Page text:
The supporters of the ideology of the Gülen movement in Turkey and the U.S.A. in the last 8 years have spent 1.5 million dollars for lobbying against the Armenian Genocide recognition. According to the Turkish “Haber 10” news website, citing the American Buzzfeed website.
Since 2007 Gülen movement has lobbied against the recognition of the Armenian Genocide and made donations totaling $1.5 million to U.S. political campaigns. Among those who have received donations are listed such persons, as U.S. President Barack Obama, former Secretary of State Hillary Clinton and others.
Muhammed Fethullah Gülen (born 27 April 1941) is a Turkish preacher, former imam, writer, and Islamic opinion leader. He is the founder of the Gülen movement (sometimes known as Hizmet). He currently lives in a self-imposed exile in Saylorsburg, Pennsylvania, United States. Gülen teaches an Anatolian (Hanafi) version of Islam, deriving from Sunni Muslim scholar Said Nursî’s teachings. Gülen is actively involved in the societal debate concerning the future of the Turkish state, and Islam in the modern world. He has been described in the English-language media as “one of the world’s most important Muslim figures. However, his Gülen movement has been described as “having the characteristics of a cult” and its secretiveness and influence in Turkish politics likened to “an Islamic Opus Dei”. The Gülen movement is a transnational Islamic civic society movement inspired by Gülen’s teachings. His teachings about hizmet (altruistic service to the “common good”) have attracted a large number of supporters in Turkey, Central Asia, and increasingly in other parts of the world. Gülen movement participants have founded a number of institutions across the world, which claim to promote interfaith and intercultural dialogue activities.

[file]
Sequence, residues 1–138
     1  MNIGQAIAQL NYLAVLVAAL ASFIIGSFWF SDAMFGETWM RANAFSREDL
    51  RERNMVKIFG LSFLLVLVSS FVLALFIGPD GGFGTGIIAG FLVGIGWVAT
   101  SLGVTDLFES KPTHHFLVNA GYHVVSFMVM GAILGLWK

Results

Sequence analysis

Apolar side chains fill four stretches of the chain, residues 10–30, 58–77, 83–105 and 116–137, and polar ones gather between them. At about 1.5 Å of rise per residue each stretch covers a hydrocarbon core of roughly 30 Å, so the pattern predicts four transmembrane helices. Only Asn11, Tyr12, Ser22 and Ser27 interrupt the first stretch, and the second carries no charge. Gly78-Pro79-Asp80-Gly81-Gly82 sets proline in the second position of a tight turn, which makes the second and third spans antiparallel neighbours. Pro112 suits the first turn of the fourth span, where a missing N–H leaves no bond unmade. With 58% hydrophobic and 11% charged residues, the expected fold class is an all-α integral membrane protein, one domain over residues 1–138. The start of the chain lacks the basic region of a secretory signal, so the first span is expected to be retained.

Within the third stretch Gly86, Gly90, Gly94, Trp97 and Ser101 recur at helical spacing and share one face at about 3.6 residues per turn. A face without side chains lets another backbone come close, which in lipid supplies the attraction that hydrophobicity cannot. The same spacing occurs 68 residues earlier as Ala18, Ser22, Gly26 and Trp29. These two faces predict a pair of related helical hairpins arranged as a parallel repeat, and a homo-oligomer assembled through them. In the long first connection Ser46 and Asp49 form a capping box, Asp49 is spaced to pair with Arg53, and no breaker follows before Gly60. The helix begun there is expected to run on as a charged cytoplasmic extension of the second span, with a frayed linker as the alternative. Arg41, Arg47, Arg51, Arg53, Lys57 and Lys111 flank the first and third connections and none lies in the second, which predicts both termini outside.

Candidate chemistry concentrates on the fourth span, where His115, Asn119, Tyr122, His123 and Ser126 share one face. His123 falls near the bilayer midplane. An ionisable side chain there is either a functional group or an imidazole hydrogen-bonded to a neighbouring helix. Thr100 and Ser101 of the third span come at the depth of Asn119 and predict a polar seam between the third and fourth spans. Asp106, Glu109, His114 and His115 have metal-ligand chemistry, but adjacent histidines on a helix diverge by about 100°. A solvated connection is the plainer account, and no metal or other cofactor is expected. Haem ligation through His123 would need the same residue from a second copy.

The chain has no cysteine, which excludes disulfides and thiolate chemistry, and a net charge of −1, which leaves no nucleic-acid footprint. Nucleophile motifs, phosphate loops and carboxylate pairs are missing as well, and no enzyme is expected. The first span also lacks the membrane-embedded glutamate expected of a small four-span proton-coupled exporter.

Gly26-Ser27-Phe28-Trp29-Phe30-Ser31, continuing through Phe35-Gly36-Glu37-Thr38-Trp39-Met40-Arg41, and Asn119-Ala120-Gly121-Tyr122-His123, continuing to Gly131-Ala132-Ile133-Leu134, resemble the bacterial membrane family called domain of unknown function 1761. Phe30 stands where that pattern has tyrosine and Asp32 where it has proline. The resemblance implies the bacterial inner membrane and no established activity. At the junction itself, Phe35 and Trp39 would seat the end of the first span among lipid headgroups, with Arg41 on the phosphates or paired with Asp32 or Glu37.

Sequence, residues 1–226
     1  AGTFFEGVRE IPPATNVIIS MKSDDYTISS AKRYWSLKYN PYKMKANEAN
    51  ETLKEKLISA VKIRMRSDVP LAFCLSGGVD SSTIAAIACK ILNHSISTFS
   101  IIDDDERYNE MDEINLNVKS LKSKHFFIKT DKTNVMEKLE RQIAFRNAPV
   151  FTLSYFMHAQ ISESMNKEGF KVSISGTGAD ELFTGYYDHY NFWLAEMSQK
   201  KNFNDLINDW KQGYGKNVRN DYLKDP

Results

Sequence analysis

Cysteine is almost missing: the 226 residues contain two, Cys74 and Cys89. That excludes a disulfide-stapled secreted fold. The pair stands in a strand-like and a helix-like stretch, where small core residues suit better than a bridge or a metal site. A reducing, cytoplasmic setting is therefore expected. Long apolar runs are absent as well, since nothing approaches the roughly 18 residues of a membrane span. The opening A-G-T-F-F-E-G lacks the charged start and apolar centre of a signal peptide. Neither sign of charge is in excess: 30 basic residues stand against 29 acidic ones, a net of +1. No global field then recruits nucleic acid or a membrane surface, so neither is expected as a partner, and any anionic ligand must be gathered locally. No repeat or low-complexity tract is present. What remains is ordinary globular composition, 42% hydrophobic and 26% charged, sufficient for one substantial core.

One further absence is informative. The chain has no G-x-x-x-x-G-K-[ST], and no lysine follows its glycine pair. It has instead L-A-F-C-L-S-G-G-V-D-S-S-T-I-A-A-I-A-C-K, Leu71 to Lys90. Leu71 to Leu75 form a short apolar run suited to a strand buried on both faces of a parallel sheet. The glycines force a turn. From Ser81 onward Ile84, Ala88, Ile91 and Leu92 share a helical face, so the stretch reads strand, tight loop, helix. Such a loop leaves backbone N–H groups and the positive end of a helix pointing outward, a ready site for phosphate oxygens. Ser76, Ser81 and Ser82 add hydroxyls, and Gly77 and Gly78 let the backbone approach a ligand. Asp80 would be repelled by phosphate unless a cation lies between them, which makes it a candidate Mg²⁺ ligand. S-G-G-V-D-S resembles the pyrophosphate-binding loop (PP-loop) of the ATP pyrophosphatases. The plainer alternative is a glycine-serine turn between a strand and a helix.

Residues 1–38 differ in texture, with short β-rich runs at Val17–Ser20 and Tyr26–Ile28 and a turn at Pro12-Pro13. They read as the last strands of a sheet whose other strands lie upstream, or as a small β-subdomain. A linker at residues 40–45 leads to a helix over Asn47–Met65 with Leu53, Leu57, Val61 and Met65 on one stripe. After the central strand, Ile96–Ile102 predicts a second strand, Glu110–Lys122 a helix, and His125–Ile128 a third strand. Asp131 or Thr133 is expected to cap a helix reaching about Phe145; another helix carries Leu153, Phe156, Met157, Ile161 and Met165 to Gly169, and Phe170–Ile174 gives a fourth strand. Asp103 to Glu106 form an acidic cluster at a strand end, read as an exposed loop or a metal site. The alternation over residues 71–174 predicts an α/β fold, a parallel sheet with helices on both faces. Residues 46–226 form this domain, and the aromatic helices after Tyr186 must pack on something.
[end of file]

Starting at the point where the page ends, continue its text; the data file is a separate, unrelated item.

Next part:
The Gülen movement has millions of followers in Turkey, as well as many more abroad. Beyond the schools established by Gülen’s followers, it is believed that many Gülenists hold positions of power in Turkey’s police forces and judiciary. Turkish and foreign analysts believe Gülen also has sympathizers in the Turkish parliament and that his movement controls the widely-read Islamic conservative Zaman newspaper, the private Bank Asya bank, the Samanyolu TV television station, and many other media and business organizations, including the Turkish Confederation of Businessmen and Industrialists (TUSKON).
Despite Gülen’s and his followers’ claim that the organization is non-political in nature, analysts believe that a number of corruption-related arrests made against allies of Turkish Prime Minister Recep Tayyip Erdogan reflect a growing political power struggle between Gulen and the Prime minister. These arrests led to the 2013 corruption scandal in Turkey, which the ruling Justice and Development Party (AKP)’s supporters (along with Erdogan himself) and the opposition parties alike have said was choreographed by Gülen after Erdogan’s government came to the decision early in December 2013 to shut down many of his movement’s private Islamic schools in Turkey.